Friday 20 October 2017

'How we brought our old house up to A3 BER rating'

Siobhan Kennedy pictured with Juno, at her home near Ballincoola, Glenealy Co Wicklow.
Siobhan Kennedy pictured with Juno, at her home near Ballincoola, Glenealy Co Wicklow.
Independent.ie Business Desk

Independent.ie Business Desk

Simon Maher says that when he and his wife, Siobhan Kennedy, moved into their house in Glenealy, Co Wicklow, they found it very difficult to heat. "Gas was costing us an astonishing amount of money," he says. "There was only single glazing at the time, so the first thing we did after we bought the house was to put in double glazing, and we also installed external insulation."

The couple never intended to stop there, however. They knew that down the line, they'd need to extend the house for their growing family, and that when they did, there would be an opportunity to improve the energy profile and comfort of their home still further.

The family's kitchen and dining area.
The family's kitchen and dining area.

"Myself and my wife are quite passionate about the whole area of sustainability," says Maher. "We obviously wanted to reduce our financial outgoings, but we were also aware of our impact on the environment. We wanted to reduce our footprint as much as possible, while also giving us more space for our family to live in."

Because the existing windows were relatively new, and the old part of the house had already been externally insulated, the decision was taken to leave that section of the building largely untouched, and to concentrate measures in the extension.

A hallway introduced at the centre of the house was designed to serve as a link between new and old sections. The design itself made extensive use of fold architecture, a familiar feature in contemporary buildings where a continuous material is used to create both wall and roof. The entrance canopy has a pressed metal roof that begins horizontally, then drops down vertically, creating a kind of baseball glove, which catches the person as they approach the house.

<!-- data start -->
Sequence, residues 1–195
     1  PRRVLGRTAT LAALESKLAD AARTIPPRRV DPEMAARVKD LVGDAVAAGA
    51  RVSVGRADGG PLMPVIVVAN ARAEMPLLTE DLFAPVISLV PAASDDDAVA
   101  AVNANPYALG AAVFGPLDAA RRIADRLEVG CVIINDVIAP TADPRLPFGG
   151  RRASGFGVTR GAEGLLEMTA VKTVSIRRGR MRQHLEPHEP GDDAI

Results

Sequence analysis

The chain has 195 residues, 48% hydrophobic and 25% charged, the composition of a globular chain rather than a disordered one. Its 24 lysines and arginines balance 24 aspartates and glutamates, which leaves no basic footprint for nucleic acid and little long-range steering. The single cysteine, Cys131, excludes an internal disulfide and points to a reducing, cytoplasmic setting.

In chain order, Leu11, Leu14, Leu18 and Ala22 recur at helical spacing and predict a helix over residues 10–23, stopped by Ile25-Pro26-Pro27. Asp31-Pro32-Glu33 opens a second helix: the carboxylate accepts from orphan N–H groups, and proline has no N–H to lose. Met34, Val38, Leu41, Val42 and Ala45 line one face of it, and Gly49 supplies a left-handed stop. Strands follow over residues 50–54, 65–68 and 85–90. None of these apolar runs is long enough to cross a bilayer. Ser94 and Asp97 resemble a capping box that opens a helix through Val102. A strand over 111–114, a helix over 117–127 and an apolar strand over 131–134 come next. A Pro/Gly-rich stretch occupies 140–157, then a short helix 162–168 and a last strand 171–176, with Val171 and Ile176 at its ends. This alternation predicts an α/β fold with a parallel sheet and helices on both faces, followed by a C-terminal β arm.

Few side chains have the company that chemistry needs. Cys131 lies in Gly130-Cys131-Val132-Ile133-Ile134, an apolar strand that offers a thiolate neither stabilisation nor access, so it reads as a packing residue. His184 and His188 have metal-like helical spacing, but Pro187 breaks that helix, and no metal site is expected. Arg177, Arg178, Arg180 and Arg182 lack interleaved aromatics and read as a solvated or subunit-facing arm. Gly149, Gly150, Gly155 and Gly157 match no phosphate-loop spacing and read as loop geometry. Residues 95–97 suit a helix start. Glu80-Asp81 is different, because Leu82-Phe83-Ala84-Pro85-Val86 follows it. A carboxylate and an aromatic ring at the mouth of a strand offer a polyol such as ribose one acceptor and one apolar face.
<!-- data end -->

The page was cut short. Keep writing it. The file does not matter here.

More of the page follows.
It looks great, but from a thermal point of view, this feature had the potential to introduce a substantial thermal bridge. Thermal bridges are effectively weak spots in the building envelope, which reduce the thermal efficiency of the house and open up a risk of condensation, mould growth and other associated problems. In a passive new build, thermal bridges can be detailed away by creating a continuous insulation layer. With deep retrofits, that isn't as easy to achieve. Careful detailing and the use of materials which do not conduct the heat got over this particular issue.

Glenealy
Glenealy

Creating a continuous, flush external finish so that the link between old and new is invisible is another challenge on retrofits. The walls of the existing house had been finished with external insulation, while the extension walls relied primarily on cavity insulation with a render finish. The design and build teams then used partitions to swallow up any differences in depth, in order to deliver an even finish.

Ensuring an air-tight building envelope is an essential part of any major retrofit. This is all about keeping the warm air in and the cold air out. In Glenealy, the design team achieved air-tightness using an internal wet plaster finish, in combination with air-tightness membranes and tapes at windows and around junctions.

The much improved air-tightness profile meant that a controlled ventilation strategy was essential. The team chose a Paul Novus 300 MHRV system, with a heat recovery rate of 84pc.

The client opted to continue with gas central heating, replacing the 20-year-old boiler with a new, condensing unit, supported by a room-sealed solid fuel stove. After just over a year in the house, Simon reported that heating bills had dropped dramatically. Prior to the works, the household was spending between €1,800 and €2,000 annually on gas. Since moving back in, the bill has stayed below €850.

Family home
Family home

Another measure Maher and Kennedy took prior to the latest retrofit was the installation of a solar photovoltaic (PV) array on the roof. The installation was completed in time to take advantage of ESB Networks' now discontinued support package for microgeneration. While those incentives have expired, the ESB will pay 0.9c per kilowatt hour for any unused power exported to the network.

The BER went from D3 in Jan 2011 to C3 in May 2014 (when the solar PVs were fitted to the roof) to an A3 in December 2015 after the build was completed.

"Right now, it's perfect," says Maher. "We don't have to heat the house at all. We're getting around 22 degrees throughout the day and we supplement that with our wood-burning stove in the evening if it gets cooler."

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